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A Political Companion to John Steinbeck

by Cyrus Ernesto Zirakzadeh & Simon Stow

Though he was a recipient of both the Pulitzer Prize and the Nobel Prize for Literature, American novelist John Steinbeck (1902--1968) has frequently been censored. Even in the twenty-first century, nearly ninety...


Ecotopia

by Ernest Callenbach

A novel both timely and prophetic, Ernest Callenbach’s Ecotopia is a hopeful antidote to the environmental concerns of today, set in an ecologically sound future society. Hailed by the Los Angeles Times as...


Coleridge, Romanticism and the Orient: Cultural Negotiations

by David Vallins

While postcolonial studies of Romantic-period literature have flourished in recent years, scholars have long neglected the extent of Samuel Taylor Coleridge's engagement with the Orient in both his literary...


Succeeding Postmodernism: Language and Humanism in Contemporary American Literature

by Mary K. Holland

While critics collect around the question of what comes "after postmodernism," this book asks something different about recent American fiction: what if we are seeing not the end of postmodernism but its belated...


Terrorism and Temporality in the Works of Thomas Pynchon and Don DeLillo

by James Gourley

Terrorism and Temporality in the Works of Thomas Pynchon and Don DeLillo starts from a simple premise: that the events of the 11th of September 2001 must have had a major effect on two New York residents, and...


Samuel Beckett: Debts and Legacies: New Critical Essays

by Andrew Gibson

Published in association with the seminar series of the same name held by the University of Oxford, Samuel Beckett: Debts and Legacies presents the best new scholarship addressing the sources, development and...


Old, Bold and Won¿t Be Told: Shakespeare¿s Amazing Ageing Ladies

by Yvonne Oram

Old women in Early Modern plays are stereotypically presented as ugly, randy, mouthy, mad. So Shakespeare is rare among dramatists of the day for his lively and empowering depictions of ageing ladies. This well-researched,...


Jataka Stories in Theravada Buddhism: Narrating the Bodhisatta Path

by Naomi Appleton

Jataka stories (stories about the previous births of the Buddha) are very popular in Theravada Buddhist countries, where they are commonly used in sermons, children's books, plays, poetry, temple illustrations,...


Humanism and Protestantism in Early Modern English Education

by Ian Green

This volume is the first attempt to assess the impact of both humanism and Protestantism on the education offered to a wide range of adolescents in the hundreds of grammar schools operating in England between...


Jerome of Stridon: His Life, Writings and Legacy

by Andrew Cain & Josef Lössl

Jerome of Stridon (c.346-420) is arguably the greatest polymath in Latin Christian antiquity; this is the most comprehensive and up to date volume on his life and work available in English today. Familiar debates...


Reading Faulkner: Light in August

by Hugh Ruppersburg

Explaining the world of William Faulkner's "Light in August" is the primary goal of this glossary. Like other books in this series, it explains, identifies, and comments on many elements that a reader may find...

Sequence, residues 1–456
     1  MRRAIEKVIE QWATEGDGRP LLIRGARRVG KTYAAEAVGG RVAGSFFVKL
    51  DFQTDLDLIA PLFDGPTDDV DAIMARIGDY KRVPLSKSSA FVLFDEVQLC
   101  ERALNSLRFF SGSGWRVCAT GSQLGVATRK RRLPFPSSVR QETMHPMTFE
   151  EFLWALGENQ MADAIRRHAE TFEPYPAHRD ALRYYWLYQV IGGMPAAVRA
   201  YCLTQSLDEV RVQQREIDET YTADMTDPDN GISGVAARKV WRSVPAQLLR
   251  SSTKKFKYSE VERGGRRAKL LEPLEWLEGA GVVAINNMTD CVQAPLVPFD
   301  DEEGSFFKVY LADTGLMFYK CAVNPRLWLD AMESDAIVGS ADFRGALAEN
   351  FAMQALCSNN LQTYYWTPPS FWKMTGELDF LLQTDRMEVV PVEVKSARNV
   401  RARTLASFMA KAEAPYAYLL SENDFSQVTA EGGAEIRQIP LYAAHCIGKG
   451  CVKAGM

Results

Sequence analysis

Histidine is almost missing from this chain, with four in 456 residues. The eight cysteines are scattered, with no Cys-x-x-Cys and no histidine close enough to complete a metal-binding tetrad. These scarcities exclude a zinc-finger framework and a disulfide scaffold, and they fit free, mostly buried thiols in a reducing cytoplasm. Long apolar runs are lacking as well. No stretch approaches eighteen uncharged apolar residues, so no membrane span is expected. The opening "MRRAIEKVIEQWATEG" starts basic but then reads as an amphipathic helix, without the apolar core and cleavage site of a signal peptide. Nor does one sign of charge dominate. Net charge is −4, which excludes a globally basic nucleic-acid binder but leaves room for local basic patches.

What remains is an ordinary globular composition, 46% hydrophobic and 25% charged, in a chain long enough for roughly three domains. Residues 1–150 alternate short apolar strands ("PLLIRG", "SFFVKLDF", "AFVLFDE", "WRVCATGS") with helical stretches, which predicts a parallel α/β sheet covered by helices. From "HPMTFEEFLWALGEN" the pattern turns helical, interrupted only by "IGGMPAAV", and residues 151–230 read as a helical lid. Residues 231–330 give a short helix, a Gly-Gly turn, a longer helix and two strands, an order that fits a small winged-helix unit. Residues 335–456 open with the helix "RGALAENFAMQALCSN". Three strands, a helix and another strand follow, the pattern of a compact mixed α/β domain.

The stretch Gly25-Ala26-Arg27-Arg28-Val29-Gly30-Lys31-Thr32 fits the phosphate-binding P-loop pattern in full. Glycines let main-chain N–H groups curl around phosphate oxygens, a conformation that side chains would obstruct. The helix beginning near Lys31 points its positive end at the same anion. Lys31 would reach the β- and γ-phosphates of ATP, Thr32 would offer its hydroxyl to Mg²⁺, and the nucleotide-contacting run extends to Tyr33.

Passing for Spain: Cervantes and the Fictions of Identity

by Barbara Fucha

Passing for Spain is a healthy sign that Renaissance scholars are finally looking to early modern Spain as a likely locus for the study of self-fashioning and the formation of the nation-state. Anne Cruz, professor...


Gertrude Stein and Richard Wright: The Poetics and Politics of Modernism

by M. Lynn Weiss

After the Second World War Gertrude Stein asked a friend's support in securing a visa for Richard Wright to visit Paris.

"I've got to help him, she said. You see, we are both members of a minority group."...


Perspectives on Harry Crews

by Erik Bledsoe

Critics have called Harry Crews a "mad genius" and "Flannery O'Connor on steroids." His novels chronicle the southern world on the edge of insanity. His characters set out to eat an entire car on national television,...


Perspectives on Richard Ford

by Huey Guagliardo

A comprehensive appreciation of the fiction written by this Pulitzer Prize author

This is the first book-length examination of the fiction written by Richard Ford, who gained critical acclaim for The Sportswriter...


The Aesthetics of Toni Morrison: Speaking the Unspeakable

by Marc C. Conner

A traditional yet fresh approach to grasping the power of Morrison's writing

With essays by Yvonne Atkinson, Marc C. Conner, Susan Corey, Maria DiBattista, Barbara Johnson, Cheryl Lester, Katherine Stern, and...


Reading Faulkner: Absalom, Absalom!

by Joseph R. Urgo & Noel Polk

Absalom, Absalom! has long been regarded as one of William Faulkner's most difficult, dense, and multilayered novels. It is, on one level, the story of Thomas Sutpen, an enigmatic stranger who came to Jefferson...


The City of Dreadful Night

by James Thomson

The city of dreadful night is a poem of pessimism, which, neither widely read nor popular, has, however, a twofold value as a document of humanity and as an extraordinarily thorough and vivid representation...


What Now?

by Ann Patchett

Based on her lauded commencement address at Sarah Lawrence College, this stirring essay by bestselling author Ann Patchett offers hope and inspiration for anyone at a crossroads, whether graduating, changing...


The Letters of Noel Coward

by Noël Coward & Barry Day

Lavishly illustrated and annotated, this first and definitive collection of letters to and from Coward provides a divine portrait of an age, from the Blitz to the Ritz and beyond.

The incomparable Noël Coward...